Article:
This is distinct from systems such as LCD projectors where the use of polarized light is essential in order to obtain pixel intensity control from the electrically alterable polarization property of the liquid crystal medium. In LCD projectors, the input light to the LCD is polarized, either prior to the LCD or by a polarizer that is integral to the LCD assembly. A second polarizer then analyzes the output light of the LCD according to the amount of alteration performed by the LCD on the input polarization.
Projectors based on DMD devices do not require polarized light. The use of polarization with DMD devices has been thought of as undesirable as it reduces by half the amount of light that the projection system can deliver to the screen. However, in a system for projection of 3D images, two sets of images are produced, one for each eye, and are characterized or coded by orthogonally polarized light. In a traditional system, the light is usually polarized after the projector lens, resulting in an efficiency loss of roughly 50%. This loss of efficiency requires high input light levels to be used, which can lead to excessive heating of the DMDs. This invention avoids this excessive heating by polarizing the light before the DMDs in the projector, therefore reducing the radiant flux and associated heating of the DMD.
An advantage of the invention is that it is somewhat easier to characterize the unwanted “noise” (scattered light) by polarization than by trying to characterize the signal in some other way. Inefficiencies in the polarizing material are below significance since the amount of noise is relatively small compared to the signal. Inefficiencies such as inequities in performance depending on wavelength or angle of incidence can be tolerated much more readily when applied to the noise component of the overall signal.
Additional significant improvements in the contrast ratio of the projected image are obtained by controlling the surface properties of materials used within the projector where light may be scattered so that those surface properties will further rotate the polarization or depolarize the stray or unwanted light when it is reflected from those surfaces.
In order that the invention may be more clearly understood, reference will now be made to the accompanying drawings which illustrate a preferred embodiment of the invention by way of example, and in which:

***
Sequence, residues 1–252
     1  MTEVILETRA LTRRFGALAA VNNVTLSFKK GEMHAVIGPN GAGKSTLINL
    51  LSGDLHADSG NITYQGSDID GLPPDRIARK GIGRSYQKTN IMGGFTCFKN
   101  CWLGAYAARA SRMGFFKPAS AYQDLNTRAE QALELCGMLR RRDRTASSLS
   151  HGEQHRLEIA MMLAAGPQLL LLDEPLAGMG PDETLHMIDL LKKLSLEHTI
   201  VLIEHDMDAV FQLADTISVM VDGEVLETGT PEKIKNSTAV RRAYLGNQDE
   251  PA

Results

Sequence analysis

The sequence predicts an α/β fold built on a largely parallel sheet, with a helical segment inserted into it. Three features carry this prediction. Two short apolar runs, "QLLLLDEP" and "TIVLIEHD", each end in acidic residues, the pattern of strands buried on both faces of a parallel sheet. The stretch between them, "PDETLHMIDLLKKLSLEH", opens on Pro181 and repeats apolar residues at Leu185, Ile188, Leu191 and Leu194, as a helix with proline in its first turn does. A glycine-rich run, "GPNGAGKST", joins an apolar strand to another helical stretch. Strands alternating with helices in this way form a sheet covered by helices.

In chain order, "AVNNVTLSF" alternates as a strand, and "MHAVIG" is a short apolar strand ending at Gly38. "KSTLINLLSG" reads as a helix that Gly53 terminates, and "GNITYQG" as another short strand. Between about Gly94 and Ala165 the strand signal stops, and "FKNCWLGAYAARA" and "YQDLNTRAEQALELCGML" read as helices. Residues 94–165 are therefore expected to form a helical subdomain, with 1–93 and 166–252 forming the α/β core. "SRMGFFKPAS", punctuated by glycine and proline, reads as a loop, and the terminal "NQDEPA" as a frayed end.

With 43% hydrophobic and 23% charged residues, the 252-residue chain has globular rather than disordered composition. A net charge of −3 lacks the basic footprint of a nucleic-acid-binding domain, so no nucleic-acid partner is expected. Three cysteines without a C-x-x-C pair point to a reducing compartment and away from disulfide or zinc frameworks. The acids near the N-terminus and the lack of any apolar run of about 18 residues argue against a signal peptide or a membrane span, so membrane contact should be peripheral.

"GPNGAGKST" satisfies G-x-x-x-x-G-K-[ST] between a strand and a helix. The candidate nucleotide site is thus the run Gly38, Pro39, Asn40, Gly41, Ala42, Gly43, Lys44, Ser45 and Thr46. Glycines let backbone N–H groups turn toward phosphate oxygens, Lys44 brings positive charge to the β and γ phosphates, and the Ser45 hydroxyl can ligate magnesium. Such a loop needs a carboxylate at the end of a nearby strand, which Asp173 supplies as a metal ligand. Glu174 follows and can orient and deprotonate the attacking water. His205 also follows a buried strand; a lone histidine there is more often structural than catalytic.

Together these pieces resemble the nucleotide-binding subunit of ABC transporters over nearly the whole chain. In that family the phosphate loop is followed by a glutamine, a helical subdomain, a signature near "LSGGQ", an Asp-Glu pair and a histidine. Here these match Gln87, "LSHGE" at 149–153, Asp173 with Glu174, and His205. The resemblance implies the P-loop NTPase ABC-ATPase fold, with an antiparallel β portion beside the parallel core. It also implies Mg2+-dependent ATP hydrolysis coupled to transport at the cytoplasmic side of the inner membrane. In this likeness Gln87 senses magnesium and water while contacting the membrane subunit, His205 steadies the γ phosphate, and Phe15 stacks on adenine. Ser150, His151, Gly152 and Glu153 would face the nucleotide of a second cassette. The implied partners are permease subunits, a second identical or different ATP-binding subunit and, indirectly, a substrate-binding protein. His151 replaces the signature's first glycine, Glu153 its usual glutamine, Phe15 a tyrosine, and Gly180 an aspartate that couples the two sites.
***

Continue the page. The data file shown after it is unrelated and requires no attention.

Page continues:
FIG. 1 is a schematic illustration of an electronic projector in accordance with a preferred embodiment of the invention;
FIG. 2 is a schematic perspective view of a pixel of a DMD that may be used in the projector of FIG. 1;
FIG. 3 shows the reflected intensity of two orientations of polarized light from a dielectric surface;
FIG. 4 illustrates the polarization states of light reflected from a dielectric surface; and
FIG. 5 illustrates the effect of using suitably coated surfaces with polarized light to reduce reflections.
FIG. 1 illustrates schematically the principal components of a projection system in accordance with the invention. Reference numeral 20 denotes a light source that projects a beam of light 22 onto a projection screen 24 via a projection lens 26. The light source 20, projection lens 26 and screen 24 are essentially conventional. Also conventional is a beamsplitter arrangement comprising an assembly of prisms 30 that optically splits the light beam 22 into red, green and blue components (R, G, B). The respective components are directed by the beamsplitter to three corresponding DMDs 32.
The DMDs are essentially identical but deal with different portions of the spectrum. In other words, the light that enters the beamsplitter is split into red, green and blue components which are delivered to the respective R, G and B DMDs. The beamsplitter then in effect “re-assembles” the R, G and B components of the light beam and directs them together into the projection lens 26 for projection onto the screen 24.
Each of the DMDs 32 comprises an array of reflective digital light switches (mirrors) that are integrated onto a silicon chip capable of addressing the switches individually. Each switch represents a single pixel in the array and can be individually switched on or off in accordance with digital information that is provided to the chip by an appropriate hardware and software controller. Each individual pixel in each DMD is controlled to impart appropriate image information to the light beam that is projected onto the screen 24.
FIG. 2 shows a single one of the mirrors of a DMD and part of the silicon chip used to control the mirrors. Since DMDs are known, detailed information with respect to the construction and operation of the DMD is not provided. Reference may be made to the U.S. Pat. No. 5,061,049. For present purposes, it is sufficient to note that FIG. 2 shows the mirror at 34 and that the mirror is mounted at the outer end of a post 36 mounted on a hinge and yoke structure (not shown) above electrodes 35 that allow the element to be electrostatically deflected between two tilted positions, in which the mirror either reflects light into the projection lens 26 (FIG. 1) or away from the projection lens. In FIG. 2, the mirror is shown in full lines in one of its tilted positions and in ghost outline in the other of its tilted positions.